Friday, August 18, 2006

And that is really the most important part of evolution...

There is a Seinfeld episode which aired during season three that contained the following dialogue:
Jerry: I don’t understand. Do you have my reservation?Car Rental Assistant: We have your reservation, we just ran out of cars.Jerry: But the reservation keeps the car here, that’s why you have the reservation.Car Rental Assistant: I think I know why we have reservations.Jerry: I don’t think you do. You see, you know how to *take* the reservation, you just don’t know how to *hold* the reservation. And that’s really the most important part of the reservation: the holding. Anybody can just take them.
I mention this because when I started to look at the claims made by evolutionists that evolution is a Scientific Fact it is what popped into my mind. I couldn’t get past thinking that evolution is missing two essential components for it to really be a fact. If it is not a fact then it is just a theory which appears to fit the evidence that we have.

From what I have studied I would say that the majority of the evidence that evolutionists have given for evolution can be interpreted in a couple of different ways. Some of the evidence shows that micro-evolution has been shaping life on this planet since the beginning of time. Even evolution’s strongest critics, young earth creationist, agree that this is the case. According to the literal reading of the Genesis account we discover that God created one man and one woman through whom the earth was populated. The adaptations of people and animals through micro-evolution can be seen as a wonderful design by God who created us to survive on this every changing planet.

Another group of evidence can be interpreted in one of two ways. That is the shared features, DNA, and other similarities between all living things. For the evolutionist this is interpreted to show common descent, which would make perfect sense if you did not believe God was involved. The commonality we see between species would be logically seen as coming from a heritage that we share.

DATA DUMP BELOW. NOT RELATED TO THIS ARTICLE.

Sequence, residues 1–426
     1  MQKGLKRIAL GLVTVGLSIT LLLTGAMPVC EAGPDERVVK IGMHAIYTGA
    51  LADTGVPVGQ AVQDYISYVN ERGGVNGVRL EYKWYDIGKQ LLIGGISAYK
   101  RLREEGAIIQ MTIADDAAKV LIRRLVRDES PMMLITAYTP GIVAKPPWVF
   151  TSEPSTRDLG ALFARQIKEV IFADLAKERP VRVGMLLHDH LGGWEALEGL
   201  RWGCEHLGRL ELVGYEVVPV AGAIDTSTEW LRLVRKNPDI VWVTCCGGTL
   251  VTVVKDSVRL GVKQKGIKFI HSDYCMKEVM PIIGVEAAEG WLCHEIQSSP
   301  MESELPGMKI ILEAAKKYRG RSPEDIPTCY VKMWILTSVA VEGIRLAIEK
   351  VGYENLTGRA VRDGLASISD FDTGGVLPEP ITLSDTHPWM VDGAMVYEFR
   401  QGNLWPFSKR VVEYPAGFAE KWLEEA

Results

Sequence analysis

One the other hand, if you believed that God created, the commonality that is seen could also be interpreted as a common designer. Rather than sharing a common ancestor species share a common designer, and thus you have people talking about Intelligent Design.

The main reasons why I cannot accept evolution as scientific fact is not because of the evidence that has been discovered (there might be good reasons to question that evidence), but rather what is missing. In my mind the two crucial components necessary for evolution are not there.

The first component which is missing is a mechanism for macro-evolutionary change.
“Evolutionists have been very clear about this distinction of fact and theory from the very beginning, if only because we have always acknowledged how far we are from completely understanding the mechanisms (theory) by which evolution (fact) occurred. Darwin continually emphasized the difference between his two great and separate accomplishments: establishing the fact of evolution, and proposing a theory—natural selection—to explain the mechanism of evolution.” ~ Stephen J. Gould, Evolution as Fact and Theory; Discover, May 1981